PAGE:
Khmer Rouge

‘Enemies of the People’ Sought Greater Story of Khmer Rouge, Filmmaker Says

A candid look at Khmer Rouge brutality has been nominated for three Emmy awards, but not without some obstacles.

Thet Sambath, filmmaker of the 'Enemies of the People', speaking to former Khmer Rouge leader Nuon Chea. Thet Sambath, filmmaker of the 'Enemies of the People', speaking to former Khmer Rouge leader Nuon Chea.
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Thet Sambath, filmmaker of the 'Enemies of the People', speaking to former Khmer Rouge leader Nuon Chea.
Thet Sambath, filmmaker of the 'Enemies of the People', speaking to former Khmer Rouge leader Nuon Chea.
Nash JenkinsVOA Khmer
WASHINGTON, DC - “Enemies of the People,” a Khmer Rouge documentary that features exclusive interviews with Pol Pot’s lieutenant, Nuon Chea, has been nominated for three Emmy Awards, one of the highest accolades in American television journalism and documentary reporting.

The film has gained international notoriety for its presentation of frank and personal conversations with leaders of the regime, drawing both acclaim from critics and condemnation from Cambodian officials, for whom the topic of the genocide remains sensitive.
The story [of the Khmer Rouge], as far as I was concerned, had not really been told.
“We eliminated the previous system,” Nuon Chea tells journalist Theth Sambath, who spent years interviewing the reclusive Khmer Rouge ideologue. “Nothing bad remained. We introduced new progressive policies.”

Asked to justify the revolution whose course of action resulted in the systematic murder of a quarter of the Cambodian population from 1975 to 1979, Nuon Chea says: “We needed to clean up society completely.”

Such talks, according to British filmmaker Rob Lemkin, who co-produced the documentary, were necessary to share the whole truth of the Khmer Rouge.

“The story, as far I was concerned, had not really been told,” Lemkin told VOA Khmer. “It had not been told from the point of view of the perpetrators, from the point of view of the executioners, from the point of view of the people who decided and then implemented this huge policy of violence.”

The film premiered at the International Documentary Festival of Amsterdam in 2009 and made it onto the docket for an acclaimed documentary series by the Public Broadcasting Service, P.O.V., last June, after critical acclaim at the 2010 Sundance Film Festival and success at the box office the following summer.

In ninety minutes of interview footage, the documentary addresses the horrors of the Khmer Rouge regime and its residue among the Cambodian people, who, four decades later, are left facing unanswered questions. The story is also tells of the personal journey undertaken by Thet Sambath, who lost his father and older brother to regime brutality as a child and seeks through the film to understand why.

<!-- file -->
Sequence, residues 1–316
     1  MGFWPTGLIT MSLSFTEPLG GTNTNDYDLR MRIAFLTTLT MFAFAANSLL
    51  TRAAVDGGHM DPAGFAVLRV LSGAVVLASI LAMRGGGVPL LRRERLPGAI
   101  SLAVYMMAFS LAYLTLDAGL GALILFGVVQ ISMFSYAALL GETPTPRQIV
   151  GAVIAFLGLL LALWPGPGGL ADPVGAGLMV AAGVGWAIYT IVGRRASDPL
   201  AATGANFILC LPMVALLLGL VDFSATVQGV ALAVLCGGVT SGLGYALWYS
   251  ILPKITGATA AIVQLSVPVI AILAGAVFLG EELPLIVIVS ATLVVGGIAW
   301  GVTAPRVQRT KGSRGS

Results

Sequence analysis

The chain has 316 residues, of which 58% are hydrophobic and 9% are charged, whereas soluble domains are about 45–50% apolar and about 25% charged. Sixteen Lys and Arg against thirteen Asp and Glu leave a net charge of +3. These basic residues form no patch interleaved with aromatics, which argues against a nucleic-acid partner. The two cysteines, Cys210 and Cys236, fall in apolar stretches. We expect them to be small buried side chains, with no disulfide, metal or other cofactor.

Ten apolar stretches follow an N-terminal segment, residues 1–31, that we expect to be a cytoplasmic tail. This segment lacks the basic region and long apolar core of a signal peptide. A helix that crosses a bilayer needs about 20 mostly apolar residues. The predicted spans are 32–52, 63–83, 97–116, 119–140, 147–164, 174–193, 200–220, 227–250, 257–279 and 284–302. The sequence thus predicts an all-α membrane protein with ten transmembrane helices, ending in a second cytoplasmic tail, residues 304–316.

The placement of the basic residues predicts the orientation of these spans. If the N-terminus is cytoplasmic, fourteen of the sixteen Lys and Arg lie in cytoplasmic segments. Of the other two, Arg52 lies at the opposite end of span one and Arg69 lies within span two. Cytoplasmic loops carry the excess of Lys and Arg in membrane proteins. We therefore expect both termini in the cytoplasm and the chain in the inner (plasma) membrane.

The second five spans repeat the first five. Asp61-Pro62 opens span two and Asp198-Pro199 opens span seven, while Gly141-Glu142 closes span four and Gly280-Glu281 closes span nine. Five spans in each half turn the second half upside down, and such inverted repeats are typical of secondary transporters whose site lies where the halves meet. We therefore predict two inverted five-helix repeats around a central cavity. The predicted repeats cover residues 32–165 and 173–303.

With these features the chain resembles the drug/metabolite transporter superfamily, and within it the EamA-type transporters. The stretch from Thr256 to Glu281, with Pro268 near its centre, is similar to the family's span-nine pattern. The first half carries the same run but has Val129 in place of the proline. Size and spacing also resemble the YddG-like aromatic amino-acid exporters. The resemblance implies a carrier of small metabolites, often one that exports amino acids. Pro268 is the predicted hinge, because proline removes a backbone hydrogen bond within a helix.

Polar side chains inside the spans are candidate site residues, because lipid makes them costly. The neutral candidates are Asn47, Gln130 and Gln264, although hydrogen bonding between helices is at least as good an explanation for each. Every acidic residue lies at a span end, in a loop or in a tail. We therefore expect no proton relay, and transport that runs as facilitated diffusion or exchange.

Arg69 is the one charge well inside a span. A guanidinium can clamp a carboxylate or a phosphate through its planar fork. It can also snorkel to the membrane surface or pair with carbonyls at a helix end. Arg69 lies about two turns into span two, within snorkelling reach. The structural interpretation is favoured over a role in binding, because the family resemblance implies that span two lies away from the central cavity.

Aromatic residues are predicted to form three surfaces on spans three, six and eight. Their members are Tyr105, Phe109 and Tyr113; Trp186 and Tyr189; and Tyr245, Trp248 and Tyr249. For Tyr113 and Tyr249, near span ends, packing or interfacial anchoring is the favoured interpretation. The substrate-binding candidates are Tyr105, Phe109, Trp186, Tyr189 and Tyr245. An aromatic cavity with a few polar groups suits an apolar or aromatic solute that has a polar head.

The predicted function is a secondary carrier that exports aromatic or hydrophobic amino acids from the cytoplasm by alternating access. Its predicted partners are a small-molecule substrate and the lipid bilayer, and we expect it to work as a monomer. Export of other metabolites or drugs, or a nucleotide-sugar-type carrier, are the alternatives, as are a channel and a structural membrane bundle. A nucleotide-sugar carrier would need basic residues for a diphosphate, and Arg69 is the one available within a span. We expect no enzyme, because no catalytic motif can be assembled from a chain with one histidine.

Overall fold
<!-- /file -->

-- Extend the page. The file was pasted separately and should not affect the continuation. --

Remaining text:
The reporter spent years interviewing Nuon Chea, also known as Brother No. 2, who is now on trial at the UN-backed Khmer Rouge tribunal for atrocity crimes committed under his command. In exclusive interviews with Thet Sambath prior to his 2007 arrest, the reclusive leader gives vivid descriptions of the regime’s ideals, policies and motives.

For its efforts, “Enemies of the People” has been nominated for an Emmy in three categories: Best Documentary; Outstanding Investigative Journalism – Long Form; and Outstanding Individual Achievement in a Craft: Research. The National Academy of Television Arts and Sciences will award the winners at a ceremony on Oct. 1, honoring journalists and documentary filmmakers.

“‘Enemies of the People’ is an important film that helps viewers understand how a fanatical regime could turn ordinary people into killers, and sheds new light on the motivations of the architects of the Cambodian genocide. It’s a remarkable work of investigative journalism and well-deserving of an Emmy nomination,” David Winn, director of the News and Documentary Emmy Awards, told VOA Khmer.

Previously, the film was shortlisted for Best Documentary Feature at the 2011 Oscars and has received jury prizes at numerous international film festivals of renown, including Sundance in 2010, where it premiered in the United States.

The film is the product of three years of production efforts, blossoming from a merger of Lemkin’s plans for a film that bluntly portrayed the story of the genocide and Thet Sambath’s personal discussions with regime leaders, which he had conducted for seven years before Lemkin’s arrival in Phnom Penh. The two “bumped into one another,” Lemkin said, when he arrived in the country in 2006.

“During the course of my first visit, I hired Thet Sambath as a researcher and translator, and then we decided to work together [on this film],” Lemkin said.

When it comes to their craft, the two are kindred spirits. Thet Sambath, described by the International Center for Journalists as “one of the country’s best investigative reporters,” has made a living covering sensitive topics for the Cambodia Daily and the Phnom Penh Post. Lemkin’s films, meanwhile, examine what he considers the “whole truth” of otherwise-neglected events.

“I’ve always been interested in telling stories,” he told VOA Khmer. “Particularly stories that people don’t necessarily know about.”

The history of the Khmer Rouge policies, for many years warped by censorship and the noncompliance of officials, was one of those stories. To tell it in its entirety, Lemkin and Thet Sambath had to operate quietly, noting the previous inadequacies of documentaries made otherwise.

“A lot of people take huge film crews to Cambodia just to make documentaries about the Khmer Rouge, and no one will speak to them,” Lemkin said. “It’s all rather obvious what’s happening when people turn up in a village with a lot of equipment and people, and there’s no interest for people living in that village to speak.”